A Minimum Temporal Window for Deviance Detection of Frequency-modulated Sweeps: A Magnetoencephalography Study

Abstract

The ability to rapidly encode the direction of frequency contour in frequency-modulated (FM) sweeps is essential for speech processing. Psychophysical evidence points to a common temporal window threshold for human listeners in processing rapid changes in frequency glides. No neural evidence has been provided for the existence of a cortical temporal window threshold underlying the encoding of rapid transitions in frequency glides. The present magnetoencephalography study used the cortical mismatch negativity activity (MMNm) to investigate the minimum temporal window required for detecting different magnitudes of directional changes in frequency sweeps. An oddball paradigm was used in which upward or downward frequency sweep serves as the standard and the same type of sweep with the opposite direction serves as its deviant. Stimuli consisted of unidirectional frequency-sweep complexes that swept across speech-relevant frequency bands in durations of 10, 20, 40, 80, 160, and 320 ms. Data revealed significant MMNm responses across all durations, with slower-rate sweeps eliciting larger MMNm responses. A greater temporally-related enhancement in MMNm response was obtained for rising but not falling sweeps. A hemispheric asymmetry in MMNm response pattern was observed corresponding to sweep direction. Contrary to psychophysical findings, we report a temporal window as short as 10 ms sufficient to elicit a robust MMNm response to a directional change in frequency sweeps. The results suggest that the cortex requires extremely brief temporal window to implicitly differentiate a dynamic change in frequency of linguistically-relevant contours. Findings provide cortical evidence for the biological relevance of FM sweeps in speech processing.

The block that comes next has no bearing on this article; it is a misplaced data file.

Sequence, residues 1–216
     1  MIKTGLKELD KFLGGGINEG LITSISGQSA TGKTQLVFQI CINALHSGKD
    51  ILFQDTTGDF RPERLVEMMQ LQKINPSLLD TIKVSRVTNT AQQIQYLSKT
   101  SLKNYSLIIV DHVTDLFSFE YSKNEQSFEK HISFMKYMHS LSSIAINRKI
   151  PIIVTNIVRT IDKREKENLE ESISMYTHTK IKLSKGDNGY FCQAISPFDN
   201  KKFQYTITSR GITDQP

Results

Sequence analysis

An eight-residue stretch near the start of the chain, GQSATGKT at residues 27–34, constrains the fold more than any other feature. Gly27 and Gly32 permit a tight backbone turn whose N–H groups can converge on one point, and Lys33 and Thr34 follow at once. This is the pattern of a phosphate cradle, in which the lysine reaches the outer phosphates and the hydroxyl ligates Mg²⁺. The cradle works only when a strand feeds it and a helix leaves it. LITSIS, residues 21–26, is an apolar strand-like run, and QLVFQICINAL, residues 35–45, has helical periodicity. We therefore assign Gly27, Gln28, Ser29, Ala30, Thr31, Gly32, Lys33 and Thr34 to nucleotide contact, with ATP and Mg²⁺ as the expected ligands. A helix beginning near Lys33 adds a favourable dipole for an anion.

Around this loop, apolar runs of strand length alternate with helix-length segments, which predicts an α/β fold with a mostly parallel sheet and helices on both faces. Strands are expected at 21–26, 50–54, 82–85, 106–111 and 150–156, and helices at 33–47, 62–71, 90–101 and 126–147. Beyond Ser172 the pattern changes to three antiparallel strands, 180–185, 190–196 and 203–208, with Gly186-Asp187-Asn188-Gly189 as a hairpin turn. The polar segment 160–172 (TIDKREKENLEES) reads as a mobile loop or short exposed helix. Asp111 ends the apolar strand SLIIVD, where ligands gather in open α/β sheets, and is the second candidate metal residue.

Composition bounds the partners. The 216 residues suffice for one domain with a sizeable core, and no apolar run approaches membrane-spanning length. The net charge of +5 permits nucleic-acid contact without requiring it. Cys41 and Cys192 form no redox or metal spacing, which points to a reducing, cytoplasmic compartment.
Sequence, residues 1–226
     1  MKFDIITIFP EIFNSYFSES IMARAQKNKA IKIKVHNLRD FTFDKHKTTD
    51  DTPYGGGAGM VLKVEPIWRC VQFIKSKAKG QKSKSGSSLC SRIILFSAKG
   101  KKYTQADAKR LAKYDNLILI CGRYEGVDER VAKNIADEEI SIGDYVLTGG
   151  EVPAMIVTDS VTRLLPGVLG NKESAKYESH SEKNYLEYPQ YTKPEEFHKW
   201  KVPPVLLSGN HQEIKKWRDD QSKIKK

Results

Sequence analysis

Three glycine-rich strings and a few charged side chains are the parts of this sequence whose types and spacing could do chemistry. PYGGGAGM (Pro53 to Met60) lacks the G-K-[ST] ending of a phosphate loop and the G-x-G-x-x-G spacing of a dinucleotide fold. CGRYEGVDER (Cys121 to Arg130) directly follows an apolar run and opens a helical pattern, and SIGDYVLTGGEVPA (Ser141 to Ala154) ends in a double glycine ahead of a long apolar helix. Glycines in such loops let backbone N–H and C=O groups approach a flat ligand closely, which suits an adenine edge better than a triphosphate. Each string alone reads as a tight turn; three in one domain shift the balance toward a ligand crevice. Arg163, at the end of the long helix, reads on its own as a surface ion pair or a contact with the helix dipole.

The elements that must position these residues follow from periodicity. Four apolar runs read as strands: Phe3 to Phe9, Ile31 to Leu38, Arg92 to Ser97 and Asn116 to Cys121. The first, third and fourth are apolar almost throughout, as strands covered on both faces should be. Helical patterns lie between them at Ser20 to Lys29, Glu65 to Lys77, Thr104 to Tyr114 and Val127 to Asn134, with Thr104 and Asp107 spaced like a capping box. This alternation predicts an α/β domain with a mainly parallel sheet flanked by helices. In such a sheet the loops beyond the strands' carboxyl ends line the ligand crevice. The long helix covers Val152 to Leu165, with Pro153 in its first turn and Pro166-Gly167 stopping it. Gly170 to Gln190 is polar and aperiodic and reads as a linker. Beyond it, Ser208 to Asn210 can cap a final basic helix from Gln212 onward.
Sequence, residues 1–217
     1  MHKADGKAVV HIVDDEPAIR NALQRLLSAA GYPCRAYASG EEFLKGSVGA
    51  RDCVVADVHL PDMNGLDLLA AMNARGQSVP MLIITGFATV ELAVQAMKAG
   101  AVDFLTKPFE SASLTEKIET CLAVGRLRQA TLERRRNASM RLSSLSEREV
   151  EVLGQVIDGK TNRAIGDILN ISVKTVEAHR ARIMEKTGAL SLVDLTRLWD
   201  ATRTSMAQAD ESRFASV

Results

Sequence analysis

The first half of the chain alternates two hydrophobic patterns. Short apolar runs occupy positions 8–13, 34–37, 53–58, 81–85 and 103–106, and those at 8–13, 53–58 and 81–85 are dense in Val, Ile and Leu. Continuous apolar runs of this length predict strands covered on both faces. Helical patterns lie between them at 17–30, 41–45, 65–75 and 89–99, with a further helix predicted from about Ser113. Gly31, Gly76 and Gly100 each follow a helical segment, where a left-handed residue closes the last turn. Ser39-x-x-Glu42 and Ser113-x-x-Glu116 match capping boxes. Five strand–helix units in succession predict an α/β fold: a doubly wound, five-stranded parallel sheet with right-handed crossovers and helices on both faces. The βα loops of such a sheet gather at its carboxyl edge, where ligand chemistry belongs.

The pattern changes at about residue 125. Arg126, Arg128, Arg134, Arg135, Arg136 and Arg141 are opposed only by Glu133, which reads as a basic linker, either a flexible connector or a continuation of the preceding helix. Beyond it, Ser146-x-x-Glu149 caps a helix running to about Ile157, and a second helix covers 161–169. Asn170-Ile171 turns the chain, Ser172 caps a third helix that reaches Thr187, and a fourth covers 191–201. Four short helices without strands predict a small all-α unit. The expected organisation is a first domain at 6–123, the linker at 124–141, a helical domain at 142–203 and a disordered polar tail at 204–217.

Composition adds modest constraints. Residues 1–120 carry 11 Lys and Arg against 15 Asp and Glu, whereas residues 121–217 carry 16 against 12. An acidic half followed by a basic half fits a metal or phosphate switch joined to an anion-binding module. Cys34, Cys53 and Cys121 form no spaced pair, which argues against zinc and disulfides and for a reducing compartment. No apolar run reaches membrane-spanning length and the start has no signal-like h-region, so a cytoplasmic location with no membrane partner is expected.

Author Information
I-Hui Hsieh, Institute of Cognitive Neuroscience, Taiwan
Wan-Ting Yeh, Institute of Cognitive Neuroscience, Taiwan
Jia-Wei Liu, Institute of Cognitive Neuroscience, Taiwan

Paper Information
Conference: ACP2020
Stream: Linguistics, Language & Psychology/Behavioral Science

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